151 F3d 938 United States v. Service Deli Inc.
151 F.3d 938
98 Cal. Daily Op. Serv. 5583, 98 Daily Journal
UNITED STATES of America, Plaintiff-Appellee,
SERVICE DELI INC., Defendant-Appellant.
United States Court of Appeals,
Argued and Submitted Jan. 9, 1998.
Decided July 16, 1998.
Steven D. Gordon, Holland & Knight, Washington, DC, for defendant-appellant.
Andrea Limmer, United States Department of Justice, Washington, DC, for plaintiff-appellee.
Appeal from the United States District Court for the Southern District of California; Leland C. Nielsen, District Judge, Presiding. D.C. No. CR-96-01792-LCN.
LAY, Circuit Judge:
Service Deli, Inc., appeals its jury conviction and sentence (five years probation, $64,000 fine) for filing a false statement with the U.S. Defense Commissary Agency (DeCA) in violation of 18 U.S.C. § 1001.1 The government charged Service Deli with making a false statement of material fact to government investigators regarding collusion and price-sharing with a bid competitor, in order to obtain contracts to supply deli products on several military bases. For the reasons stated below, we reverse the judgment of conviction and grant the defendant a new trial.
This appeal arises out of a bid letting by the DeCA in May 1993 to supply and operate delicatessens, bakeries and pizza carts at several military commissaries. Service Deli and a second company, Eurpac Special Markets (ESM), were each awarded half the contracts, worth $4.8 million and $5 million respectively.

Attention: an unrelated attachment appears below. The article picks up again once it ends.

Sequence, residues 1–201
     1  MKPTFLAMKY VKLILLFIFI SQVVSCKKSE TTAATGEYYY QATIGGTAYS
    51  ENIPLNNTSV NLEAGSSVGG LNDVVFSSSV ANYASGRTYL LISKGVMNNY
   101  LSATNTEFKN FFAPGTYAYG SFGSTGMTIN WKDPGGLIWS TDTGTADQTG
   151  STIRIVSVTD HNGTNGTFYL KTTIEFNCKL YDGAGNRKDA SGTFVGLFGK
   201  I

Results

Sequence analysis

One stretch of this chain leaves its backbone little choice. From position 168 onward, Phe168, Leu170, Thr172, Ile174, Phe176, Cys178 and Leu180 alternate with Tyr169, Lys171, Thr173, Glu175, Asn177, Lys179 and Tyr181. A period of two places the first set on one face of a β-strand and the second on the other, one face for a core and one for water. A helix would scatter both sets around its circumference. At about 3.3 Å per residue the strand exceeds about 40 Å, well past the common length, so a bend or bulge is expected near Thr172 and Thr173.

Service Deli's president, Gunther Ditzel, worked for ESM from 1972 until 1989, when he left to work for Service Deli. While Service Deli and ESM had a large percentage of common ownership, the record indicates that they were operated as separate entities and competed for the same contracts.
In July 1993, the DeCA received complaints from unsuccessful bidders, alleging that ESM and Service Deli shared core pricing information prior to submitting their bids. The DeCA then contacted Service Deli regarding the allegations. Ditzel responded with a letter that stated: "I was responsible for all bids and have never talked to anyone at Eurpac about pricing. I would swear to that."